Significantly, the logistics of the ride worked in our favour too as we tackled the more mountainous terrain in the first few days while the legs were still spinning relatively unhindered. Then, as we rode south and the temperatures inevitably soared, we found ourselves on the flatter rolling plains of the Alentejo region where although the hitherto superb road surfaces had started to waiver a little, we still managed to knock off the kms at a decent clip, thanks in no small part to the favourable topography of the region.


Through my adventures on the bike, I have discovered that once you're willing to be present and stay with your immediate surroundings, it's amazing how a country will slowly reveal itself as you steadily traverse its contours on two wheels. By paying attention, you come to realise that there is a tangible and constant reward that comes from your endeavours. I would argue that whilst cycling, there is a level of attachment to be enjoyed in the present moment of your surroundings that you simply cannot replicate in a motorised vehicle. It's as if the cyclist, bicycle and road simultaneously become one and then, in turn, connect effortlessly to the immediate environment that surrounds you. I endeavour to be truly present for as much as possible whilst riding, you know, to be really THERE. When you spend several hours on a bike every day, often riding alone, the opportunity exists to immerse yourself in life this way, to get out of your thoughts and connect with everything around you; sights, sounds, feelings, smells, tastes. When appreciated in this way, cycling becomes a magical and meditative experience. You become truly connected, so therefore you can tap into the energy of the environment around you, and in turn you become that energy, because it is one. I can in all honesty tell you that cycling in this state, regardless of whether I may be on a sweeping descent or a winding climb is an effortless act. I would directly attest the ability to cultivate this type of appreciation and what I have learned and now know to be true from the educo model. It is precisely the same model we use in the gym with our amazing clients, where we actively encourage people to train with unconscious attention, in this case, channeling the power of their mind to direct their energy and focus into the muscle being worked. Then, with no obstructing thoughts to distract them from this task, more of the person's energy becomes available to them with the result that the client can perfectly lift a weight that they would have scarcely believed had we told them beforehand.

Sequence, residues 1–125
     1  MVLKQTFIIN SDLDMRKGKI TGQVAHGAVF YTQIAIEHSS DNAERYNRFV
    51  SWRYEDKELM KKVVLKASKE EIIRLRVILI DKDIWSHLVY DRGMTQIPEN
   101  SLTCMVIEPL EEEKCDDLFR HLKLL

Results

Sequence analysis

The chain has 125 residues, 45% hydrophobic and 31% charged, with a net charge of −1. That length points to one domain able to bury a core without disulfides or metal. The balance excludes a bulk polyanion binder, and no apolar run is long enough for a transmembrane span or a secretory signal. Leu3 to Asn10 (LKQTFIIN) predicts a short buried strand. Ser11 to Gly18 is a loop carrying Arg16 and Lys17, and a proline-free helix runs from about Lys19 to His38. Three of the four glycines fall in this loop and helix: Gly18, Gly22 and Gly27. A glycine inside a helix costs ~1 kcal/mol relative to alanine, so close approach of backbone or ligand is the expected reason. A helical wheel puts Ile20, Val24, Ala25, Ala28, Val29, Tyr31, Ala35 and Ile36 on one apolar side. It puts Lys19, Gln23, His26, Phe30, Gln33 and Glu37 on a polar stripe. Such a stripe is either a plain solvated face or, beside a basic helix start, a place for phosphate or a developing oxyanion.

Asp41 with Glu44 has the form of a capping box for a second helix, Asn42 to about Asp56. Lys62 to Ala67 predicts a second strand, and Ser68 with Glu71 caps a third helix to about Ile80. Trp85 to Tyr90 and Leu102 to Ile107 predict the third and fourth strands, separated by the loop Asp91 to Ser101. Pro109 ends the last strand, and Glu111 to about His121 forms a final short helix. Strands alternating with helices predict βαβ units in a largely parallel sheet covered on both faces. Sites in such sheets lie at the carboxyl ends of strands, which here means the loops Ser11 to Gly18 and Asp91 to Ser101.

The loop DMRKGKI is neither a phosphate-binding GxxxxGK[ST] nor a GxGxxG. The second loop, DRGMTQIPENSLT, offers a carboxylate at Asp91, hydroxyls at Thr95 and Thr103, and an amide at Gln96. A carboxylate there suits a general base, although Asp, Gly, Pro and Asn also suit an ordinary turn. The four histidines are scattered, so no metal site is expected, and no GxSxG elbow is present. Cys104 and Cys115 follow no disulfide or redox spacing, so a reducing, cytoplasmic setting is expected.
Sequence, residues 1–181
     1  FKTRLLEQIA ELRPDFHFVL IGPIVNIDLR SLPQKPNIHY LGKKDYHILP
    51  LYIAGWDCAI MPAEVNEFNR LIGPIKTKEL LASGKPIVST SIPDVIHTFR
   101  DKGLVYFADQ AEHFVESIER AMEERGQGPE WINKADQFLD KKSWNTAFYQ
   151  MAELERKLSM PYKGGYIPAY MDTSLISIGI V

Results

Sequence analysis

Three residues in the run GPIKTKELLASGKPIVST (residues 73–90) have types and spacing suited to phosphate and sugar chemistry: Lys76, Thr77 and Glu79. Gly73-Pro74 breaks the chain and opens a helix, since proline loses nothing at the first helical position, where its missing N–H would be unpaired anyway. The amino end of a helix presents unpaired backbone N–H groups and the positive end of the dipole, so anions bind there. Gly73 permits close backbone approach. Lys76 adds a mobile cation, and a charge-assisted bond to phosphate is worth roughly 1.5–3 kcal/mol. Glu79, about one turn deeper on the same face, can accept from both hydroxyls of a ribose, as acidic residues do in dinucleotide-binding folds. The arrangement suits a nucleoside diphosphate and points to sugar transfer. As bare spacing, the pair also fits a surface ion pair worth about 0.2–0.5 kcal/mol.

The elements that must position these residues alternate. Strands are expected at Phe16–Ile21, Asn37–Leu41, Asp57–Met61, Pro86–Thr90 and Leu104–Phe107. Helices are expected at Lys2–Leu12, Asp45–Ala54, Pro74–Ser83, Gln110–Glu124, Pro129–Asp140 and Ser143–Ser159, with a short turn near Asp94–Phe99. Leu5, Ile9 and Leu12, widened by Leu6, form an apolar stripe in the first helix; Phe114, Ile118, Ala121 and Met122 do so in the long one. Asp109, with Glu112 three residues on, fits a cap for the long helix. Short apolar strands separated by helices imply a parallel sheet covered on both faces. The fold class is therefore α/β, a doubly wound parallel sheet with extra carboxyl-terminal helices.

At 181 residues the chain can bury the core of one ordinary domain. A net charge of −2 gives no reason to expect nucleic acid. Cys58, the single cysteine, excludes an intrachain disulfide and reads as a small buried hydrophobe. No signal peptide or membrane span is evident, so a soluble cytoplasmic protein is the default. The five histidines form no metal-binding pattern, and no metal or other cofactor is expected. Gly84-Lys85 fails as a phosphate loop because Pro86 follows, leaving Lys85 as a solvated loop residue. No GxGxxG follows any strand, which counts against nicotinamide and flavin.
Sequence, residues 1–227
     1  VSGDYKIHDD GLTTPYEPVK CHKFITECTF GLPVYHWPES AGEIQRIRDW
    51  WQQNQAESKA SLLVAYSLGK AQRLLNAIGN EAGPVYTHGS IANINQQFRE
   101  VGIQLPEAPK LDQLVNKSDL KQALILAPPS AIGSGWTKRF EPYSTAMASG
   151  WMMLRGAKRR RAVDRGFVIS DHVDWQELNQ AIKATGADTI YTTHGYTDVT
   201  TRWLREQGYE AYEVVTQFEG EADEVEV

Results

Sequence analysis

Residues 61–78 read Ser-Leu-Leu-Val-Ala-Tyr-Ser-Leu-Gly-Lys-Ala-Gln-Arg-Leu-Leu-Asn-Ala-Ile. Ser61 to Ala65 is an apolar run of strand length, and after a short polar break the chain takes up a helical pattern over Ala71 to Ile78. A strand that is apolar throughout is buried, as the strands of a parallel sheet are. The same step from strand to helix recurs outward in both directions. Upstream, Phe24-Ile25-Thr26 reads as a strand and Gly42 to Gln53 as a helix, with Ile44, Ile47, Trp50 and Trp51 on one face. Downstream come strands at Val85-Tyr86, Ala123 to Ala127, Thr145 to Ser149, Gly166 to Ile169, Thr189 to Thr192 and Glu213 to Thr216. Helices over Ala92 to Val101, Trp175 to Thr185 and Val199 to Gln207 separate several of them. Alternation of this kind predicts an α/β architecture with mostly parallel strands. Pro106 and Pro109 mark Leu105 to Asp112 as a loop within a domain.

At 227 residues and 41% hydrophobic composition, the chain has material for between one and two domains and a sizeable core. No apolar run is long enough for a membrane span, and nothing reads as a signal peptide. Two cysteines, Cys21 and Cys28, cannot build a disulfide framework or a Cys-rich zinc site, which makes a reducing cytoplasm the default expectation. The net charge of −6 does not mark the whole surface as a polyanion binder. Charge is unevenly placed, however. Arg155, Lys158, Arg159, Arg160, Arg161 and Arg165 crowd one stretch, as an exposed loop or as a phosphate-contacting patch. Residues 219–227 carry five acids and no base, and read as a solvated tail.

I can honestly say that as a trainer in educogym, I feel very fortunate and consider it a wonderful opportunity to be able to work with clients in this way on a daily basis, employing a model that is inherently transformative and holistic. Grounding our work exclusively from the basis of the award winning educo model and in such a positive energetic environment with like-minded colleagues helps us to achieve a tapestry of goal achievement and success with our clients. So just as I experienced over seven days of fantastic cycling, we have infinite opportunities every day to experience, appreciate and connect both with each other and our immediate surroundings. The Educo model is just that, a model, which means it can be replicated to the individual’s needs and their environment. I encourage you whole-heartedly to carry this model with you wherever you go and put it in your employ by drawing out your own inherent power to easily complete tasks and attain goals in your every day life. Then just watch the magic happen. 


Thanks for reading.